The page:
A newly published thesis from Karolinska Institutet in Sweden, however, shows that the condition depends in certain cases on a hormonal imbalance that can be corrected with common oral contraceptives.
"We have shown that one third of female bulimics have metabolic disorders that may explain the occurrence of the eating disorder. These disorders may in certain cases express the hormonal constitution of the patient, rather than any mental illness", says Dr Sabine Naessén about the research results that are presented in her doctoral thesis.
Bulimia nervosa, compulsive overeating, is probably the most common form of eating disorder, and it is approximately ten times more common in women than in men. The condition is normally considered to have psychological causes, and it is for this reason normally treated with cognitive behavioural therapy and antidepressive drugs.
The results that Dr Naessén has obtained show that bulimia is a complex condition that contains hormonal and genetic components, in addition to psychological components. The bulimics in the studies had higher levels of the male sex hormone testosterone and lower levels of the female sex hormone oestrogen than healthy subjects in the control group had. Testosterone is directly involved in the normal appetite regulation of the body, and an increased level may lead to an increased feeling of hunger.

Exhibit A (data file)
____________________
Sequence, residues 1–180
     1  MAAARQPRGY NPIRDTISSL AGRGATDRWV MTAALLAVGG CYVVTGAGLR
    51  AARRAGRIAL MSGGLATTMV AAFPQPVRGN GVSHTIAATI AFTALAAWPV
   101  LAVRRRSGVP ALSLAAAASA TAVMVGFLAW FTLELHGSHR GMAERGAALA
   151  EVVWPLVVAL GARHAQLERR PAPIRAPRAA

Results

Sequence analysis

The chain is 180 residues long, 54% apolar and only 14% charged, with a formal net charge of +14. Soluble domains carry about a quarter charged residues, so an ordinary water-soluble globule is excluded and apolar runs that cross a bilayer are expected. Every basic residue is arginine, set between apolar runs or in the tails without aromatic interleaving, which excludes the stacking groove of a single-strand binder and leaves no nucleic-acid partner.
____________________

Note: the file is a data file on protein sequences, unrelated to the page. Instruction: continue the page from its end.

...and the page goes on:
The testosterone level of patients with bulimia could be reduced by treating these patients with oestrogen-dominated oral contraceptives. The result was that the craving for fat and sugar decreased, as did the feeling of hunger, in approximately half of the bulimics after as short a period of treatment as three months. Three subjects became completely free of the eating disorder as a consequence of the treatment.
"This is a very strong effect. Hormone treatment may very well be an alternative to cognitive behavioural treatment", says Dr Naessén.
Doctoral thesis: "Endocrine and metabolic disorders in bulimic women and effects of antiandrogenic treatment" by S. Naessén, Department of Woman and Child Health.
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